Affiliation: School of Medicine, UNC/NCSU Joint Department of Biomedical Engineering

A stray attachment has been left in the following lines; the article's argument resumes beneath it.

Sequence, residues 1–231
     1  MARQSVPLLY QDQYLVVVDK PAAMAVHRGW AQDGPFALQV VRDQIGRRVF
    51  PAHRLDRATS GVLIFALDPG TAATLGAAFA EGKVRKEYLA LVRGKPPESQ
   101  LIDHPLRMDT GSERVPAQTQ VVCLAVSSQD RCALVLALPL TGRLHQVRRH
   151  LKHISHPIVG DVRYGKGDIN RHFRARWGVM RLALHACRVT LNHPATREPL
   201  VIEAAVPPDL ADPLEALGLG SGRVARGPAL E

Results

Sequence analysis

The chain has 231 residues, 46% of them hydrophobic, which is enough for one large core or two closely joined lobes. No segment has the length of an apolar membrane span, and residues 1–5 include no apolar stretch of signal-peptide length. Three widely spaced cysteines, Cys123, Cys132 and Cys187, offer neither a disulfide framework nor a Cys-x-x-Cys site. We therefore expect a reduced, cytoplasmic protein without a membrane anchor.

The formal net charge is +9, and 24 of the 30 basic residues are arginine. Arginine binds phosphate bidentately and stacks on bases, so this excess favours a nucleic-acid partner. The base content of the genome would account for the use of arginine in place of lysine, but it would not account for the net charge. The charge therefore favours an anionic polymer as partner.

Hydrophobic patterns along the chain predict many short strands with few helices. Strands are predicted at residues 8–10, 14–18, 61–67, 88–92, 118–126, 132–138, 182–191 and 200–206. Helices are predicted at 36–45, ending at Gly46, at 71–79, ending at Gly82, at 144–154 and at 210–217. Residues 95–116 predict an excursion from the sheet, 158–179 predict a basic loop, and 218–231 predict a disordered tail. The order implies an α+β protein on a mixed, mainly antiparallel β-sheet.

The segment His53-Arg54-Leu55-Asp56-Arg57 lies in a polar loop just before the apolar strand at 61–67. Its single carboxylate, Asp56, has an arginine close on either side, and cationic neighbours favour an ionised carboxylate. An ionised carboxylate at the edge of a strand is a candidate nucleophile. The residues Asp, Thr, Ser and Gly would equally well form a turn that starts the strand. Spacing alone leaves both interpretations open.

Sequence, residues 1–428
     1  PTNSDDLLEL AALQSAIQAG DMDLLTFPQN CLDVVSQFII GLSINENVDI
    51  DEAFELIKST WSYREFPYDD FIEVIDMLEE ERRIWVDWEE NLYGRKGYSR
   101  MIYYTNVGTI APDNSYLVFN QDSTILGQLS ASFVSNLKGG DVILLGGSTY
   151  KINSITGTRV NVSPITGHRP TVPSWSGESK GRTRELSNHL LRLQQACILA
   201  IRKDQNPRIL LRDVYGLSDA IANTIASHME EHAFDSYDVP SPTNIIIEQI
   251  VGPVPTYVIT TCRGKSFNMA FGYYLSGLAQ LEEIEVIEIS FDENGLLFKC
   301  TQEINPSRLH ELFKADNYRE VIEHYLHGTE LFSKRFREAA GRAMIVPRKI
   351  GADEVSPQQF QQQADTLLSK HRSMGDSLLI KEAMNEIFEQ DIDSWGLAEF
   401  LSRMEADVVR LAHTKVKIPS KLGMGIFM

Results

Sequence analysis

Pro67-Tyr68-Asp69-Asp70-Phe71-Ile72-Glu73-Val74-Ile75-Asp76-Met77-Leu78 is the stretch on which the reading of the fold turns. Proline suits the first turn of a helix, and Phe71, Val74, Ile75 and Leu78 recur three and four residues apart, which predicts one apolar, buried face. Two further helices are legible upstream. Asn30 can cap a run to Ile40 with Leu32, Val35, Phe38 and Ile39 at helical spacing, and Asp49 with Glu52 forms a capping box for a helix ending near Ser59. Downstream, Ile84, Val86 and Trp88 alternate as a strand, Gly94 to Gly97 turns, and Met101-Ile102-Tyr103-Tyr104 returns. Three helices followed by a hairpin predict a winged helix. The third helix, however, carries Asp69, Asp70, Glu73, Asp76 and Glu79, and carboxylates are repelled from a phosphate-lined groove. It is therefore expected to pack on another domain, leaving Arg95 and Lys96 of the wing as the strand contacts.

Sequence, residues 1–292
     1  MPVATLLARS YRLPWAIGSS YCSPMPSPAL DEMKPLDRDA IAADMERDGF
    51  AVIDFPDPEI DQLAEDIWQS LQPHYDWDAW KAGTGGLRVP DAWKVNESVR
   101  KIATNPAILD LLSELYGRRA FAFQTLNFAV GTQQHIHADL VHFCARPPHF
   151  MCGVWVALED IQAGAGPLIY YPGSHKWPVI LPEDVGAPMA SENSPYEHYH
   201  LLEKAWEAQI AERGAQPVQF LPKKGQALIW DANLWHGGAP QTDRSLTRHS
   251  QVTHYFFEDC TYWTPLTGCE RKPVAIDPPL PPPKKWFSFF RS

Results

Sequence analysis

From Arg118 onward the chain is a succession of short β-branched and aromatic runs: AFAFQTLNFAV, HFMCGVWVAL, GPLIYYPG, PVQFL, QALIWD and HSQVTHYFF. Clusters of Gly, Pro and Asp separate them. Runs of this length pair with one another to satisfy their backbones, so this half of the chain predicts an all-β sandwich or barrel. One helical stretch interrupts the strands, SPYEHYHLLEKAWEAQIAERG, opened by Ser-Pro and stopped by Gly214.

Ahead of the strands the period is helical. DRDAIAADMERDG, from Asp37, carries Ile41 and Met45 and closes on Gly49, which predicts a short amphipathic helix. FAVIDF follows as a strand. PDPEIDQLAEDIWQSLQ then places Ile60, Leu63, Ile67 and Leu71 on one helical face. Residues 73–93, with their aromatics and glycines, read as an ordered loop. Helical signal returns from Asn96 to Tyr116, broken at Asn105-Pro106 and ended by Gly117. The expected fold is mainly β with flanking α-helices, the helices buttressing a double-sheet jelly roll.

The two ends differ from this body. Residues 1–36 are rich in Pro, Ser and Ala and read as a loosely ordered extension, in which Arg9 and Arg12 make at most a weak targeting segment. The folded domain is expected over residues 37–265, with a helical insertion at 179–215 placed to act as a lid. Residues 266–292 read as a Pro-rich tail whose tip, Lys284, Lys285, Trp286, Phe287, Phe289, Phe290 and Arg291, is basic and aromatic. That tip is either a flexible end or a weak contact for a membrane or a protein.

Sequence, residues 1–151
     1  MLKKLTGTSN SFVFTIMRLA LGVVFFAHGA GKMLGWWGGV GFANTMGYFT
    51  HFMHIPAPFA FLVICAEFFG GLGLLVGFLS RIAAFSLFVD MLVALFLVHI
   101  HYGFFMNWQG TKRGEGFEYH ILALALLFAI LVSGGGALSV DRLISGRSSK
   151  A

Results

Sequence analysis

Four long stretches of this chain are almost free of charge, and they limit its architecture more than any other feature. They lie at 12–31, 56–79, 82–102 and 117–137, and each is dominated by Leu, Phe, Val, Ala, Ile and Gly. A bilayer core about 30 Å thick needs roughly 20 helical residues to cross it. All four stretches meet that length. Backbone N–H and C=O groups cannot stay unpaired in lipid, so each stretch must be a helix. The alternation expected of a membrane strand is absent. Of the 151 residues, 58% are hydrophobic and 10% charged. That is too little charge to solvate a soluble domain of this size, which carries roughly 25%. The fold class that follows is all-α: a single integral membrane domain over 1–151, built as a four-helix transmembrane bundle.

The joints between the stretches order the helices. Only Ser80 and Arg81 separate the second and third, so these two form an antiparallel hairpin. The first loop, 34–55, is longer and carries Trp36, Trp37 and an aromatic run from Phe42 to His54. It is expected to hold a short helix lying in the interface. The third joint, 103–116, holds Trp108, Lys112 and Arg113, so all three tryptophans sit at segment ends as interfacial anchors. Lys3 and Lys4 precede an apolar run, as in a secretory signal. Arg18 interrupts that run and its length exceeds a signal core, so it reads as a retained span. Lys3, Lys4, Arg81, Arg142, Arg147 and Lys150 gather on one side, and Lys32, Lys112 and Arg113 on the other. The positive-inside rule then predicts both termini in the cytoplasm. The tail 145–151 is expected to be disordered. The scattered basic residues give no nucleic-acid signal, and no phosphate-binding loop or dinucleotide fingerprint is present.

Two developments of the past decade have spurred the development of SPECT as a useful tool for preclinical research. Development of the pinhole collimator, and the growing library of imaging probes for use with SPECT beyond the traditional markers for perfusion or tumor metabolism have both increased the potential uses of SPECT for small animal research. The oblique geometry of pinhole rays originating toward the edges of the FOV results in incomplete sampling and poor image quality away from the pinhole orbit plane. Correction requires an orbit that includes an axial component of motion. A simple solution was developed by placing circular orbits at multiple axial locations along the length of the object. When reconstructed with an OSEM algorithm, the multiple projection sets improved data completeness and reconstructed image quality for simulated and experimental data. Pinhole collimators provide the greatest resolution and highest sensitivity when the object distance is minimized. In actuality, objects are placed some distance from the aperture to ensure that the camera field-of-view is large enough to avoid truncation. A method for improvement was tested by decreasing object distance and obtaining multiple offset projection sets. The two truncated projection sets were then be reconstructed with OSEM to create an image at with improved resolution. In addition to advancements in acquisition strategies, the work in this dissertation details two preclinical projects using the microSPECT camera. The microSPECT camera was used to examine the biodistribution of labeled monoclonal and polyclonal antibodies against the neutrophil protein myeloperoxidase. Mice injected with Staph-A were imaged at 24hr post infection with increased uptake of the tracer probe witnessed in the infected region. A second application required the measurement of hematocrit values using SPECT and labeled erythrocytes and plasma with 99mTc in ischemic rats. SPECT imaging of the labeled plasma and RBCs showed increases in hematocrit values within the ischemic lesion as defined from an HMPAO perfusion image. Moreover, the hematocrit value varied inversely with the perfusion deficit. For regions of poor blood flow, hematocrit was higher. During reperfusion, when flow was restored, or increased above normal levels, hematocrit levels dropped.